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Study supports validity of test that indicates widespread unconscious bias

In the decade since the Implicit Association Test was introduced, its most surprising and controversial finding is its indication that about 70 percent of those who took a version of the test that measures racial attitudes have an unconscious, or implicit, preference for white people compared to blacks. This contrasts with figures generally under 20 percent for self report, or survey, measures of race bias.

A new study (pdf here) validates those findings, showing that the Implicit Association Test, a psychological tool, has validity in predicting behavior and, in particular, that it has significantly greater validity than self-reports in the socially sensitive topics of race, gender, ethnicity, sexual orientation and age.

The research, published in the Journal of Personality and Social Psychology, is an overview and analysis of 122 published and unpublished reports of 184 different research studies. In this analysis, 85 percent of the studies also included self-reporting measures of the type generally used in surveys. This allowed the researchers, headed by University of Washington psychology Professor Anthony Greenwald, to compare the test’s success in predicting social behavior and judgment with the success of self-reports.

“In socially sensitive areas, especially black-white interracial behavior, the test had significantly greater predictive value than self-reports. This finding establishes the Implicit Association Test’s value in research to understand the roots of race and other discrimination,” said Greenwald. “What was especially surprising was how ineffective standard self-report measurers were in the areas in which the test measures have been of greatest interest – predicting interracial behavior.”

Greenwald created the Implicit Association Test in 1998 and he and [Situationist Contributor] Mahzarin Banaji, a Harvard psychology professor, and [Situationist Contributor] Brian Nosek, a University of Virginia associate professor of psychology, further developed it. Since then the test has been used in more than 1,000 research studies around the world. More than 10 million versions of the test have been completed at an Internet site where they are available as a self-administer demonstration.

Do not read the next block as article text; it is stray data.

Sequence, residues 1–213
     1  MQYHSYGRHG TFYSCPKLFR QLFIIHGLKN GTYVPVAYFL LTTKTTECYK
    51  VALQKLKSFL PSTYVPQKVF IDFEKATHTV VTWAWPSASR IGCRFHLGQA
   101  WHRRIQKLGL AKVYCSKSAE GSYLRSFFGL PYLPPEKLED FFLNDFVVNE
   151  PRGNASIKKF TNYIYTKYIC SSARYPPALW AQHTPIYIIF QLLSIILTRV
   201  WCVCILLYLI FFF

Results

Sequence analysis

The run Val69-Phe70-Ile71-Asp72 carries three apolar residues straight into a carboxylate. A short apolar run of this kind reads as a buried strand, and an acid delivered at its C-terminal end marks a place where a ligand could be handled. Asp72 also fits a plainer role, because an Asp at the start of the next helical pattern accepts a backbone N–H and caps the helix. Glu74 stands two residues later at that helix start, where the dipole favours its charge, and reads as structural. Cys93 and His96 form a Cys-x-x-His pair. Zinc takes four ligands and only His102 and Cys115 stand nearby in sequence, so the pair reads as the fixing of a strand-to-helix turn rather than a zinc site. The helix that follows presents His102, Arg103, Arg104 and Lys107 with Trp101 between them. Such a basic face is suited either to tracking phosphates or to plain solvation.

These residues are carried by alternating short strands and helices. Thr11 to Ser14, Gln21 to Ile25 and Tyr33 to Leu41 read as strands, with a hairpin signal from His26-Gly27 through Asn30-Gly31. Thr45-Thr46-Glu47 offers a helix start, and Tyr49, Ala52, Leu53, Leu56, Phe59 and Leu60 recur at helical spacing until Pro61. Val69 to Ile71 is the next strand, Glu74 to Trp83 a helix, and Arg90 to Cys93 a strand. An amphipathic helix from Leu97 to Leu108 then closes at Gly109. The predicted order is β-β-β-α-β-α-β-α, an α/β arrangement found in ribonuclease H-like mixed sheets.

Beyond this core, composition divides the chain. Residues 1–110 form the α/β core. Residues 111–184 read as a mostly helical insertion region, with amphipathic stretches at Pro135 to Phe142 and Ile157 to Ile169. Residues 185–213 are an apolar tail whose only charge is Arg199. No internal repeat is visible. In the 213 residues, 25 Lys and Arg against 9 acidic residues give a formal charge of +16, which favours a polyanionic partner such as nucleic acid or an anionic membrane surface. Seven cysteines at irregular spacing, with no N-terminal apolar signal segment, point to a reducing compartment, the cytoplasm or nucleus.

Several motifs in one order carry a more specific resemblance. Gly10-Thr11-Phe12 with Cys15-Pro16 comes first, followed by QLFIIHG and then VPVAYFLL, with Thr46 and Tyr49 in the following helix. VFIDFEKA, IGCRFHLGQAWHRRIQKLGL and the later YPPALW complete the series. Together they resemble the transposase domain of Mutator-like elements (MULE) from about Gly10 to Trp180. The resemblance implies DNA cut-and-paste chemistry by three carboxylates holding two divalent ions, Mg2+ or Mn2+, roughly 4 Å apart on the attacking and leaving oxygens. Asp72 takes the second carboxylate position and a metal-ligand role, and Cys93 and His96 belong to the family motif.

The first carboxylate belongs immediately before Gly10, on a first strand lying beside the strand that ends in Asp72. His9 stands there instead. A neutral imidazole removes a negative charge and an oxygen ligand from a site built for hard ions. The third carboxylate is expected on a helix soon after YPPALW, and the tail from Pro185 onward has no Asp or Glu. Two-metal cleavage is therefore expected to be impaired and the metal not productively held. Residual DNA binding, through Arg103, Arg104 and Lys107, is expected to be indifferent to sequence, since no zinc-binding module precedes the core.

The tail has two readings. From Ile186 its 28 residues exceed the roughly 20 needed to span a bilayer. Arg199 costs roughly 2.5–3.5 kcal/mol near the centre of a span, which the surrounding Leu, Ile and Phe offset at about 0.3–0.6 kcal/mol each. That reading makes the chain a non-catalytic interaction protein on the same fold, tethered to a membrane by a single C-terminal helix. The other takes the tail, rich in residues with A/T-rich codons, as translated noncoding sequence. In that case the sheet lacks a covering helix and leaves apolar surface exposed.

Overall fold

The research looked at studies covering nine different areas – consumer preference, black-white interracial behavior, personality differences, clinical phenomena, alcohol and drug use, non-racial intergroup behavior, gender and sexual orientation, close relationships and political preferences.

Findings also showed that:

  • Across all nine of these areas, measures of the test were useful in predicting social behavior.
  • Both the test, which is implicit, and self-reports, which are explicit, had predictive validity independent of each other. This suggests the desirability of using both types of measure in surveys and applied research studies.
  • In consumer and political preferences both measures effectively predicted behavior, but self-reports had significantly greater predictive validity.

Studies in the research came from a number of countries including Germany, the Netherlands, Italy, the United Kingdom, Australia, Canada, Poland and the United States. They looked at such topics as attitudes of undecided voters one-month prior to an Italian election; treatment recommendations by physicians for black and white heart attack victims; and reactions to spiders before and after treatment for arachnophobia, or spider phobia.

“The Implicit Association Test is controversial because many people believe that racial bias is largely a thing of the past. The test’s finding of a widespread, automatic form of race preference violates people’s image of tolerance and is hard for them to accept. When you are unaware of attitudes or stereotypes, they can unintentionally affect your behavior. Awareness can help to overcome this unwanted influence,” said Greenwald.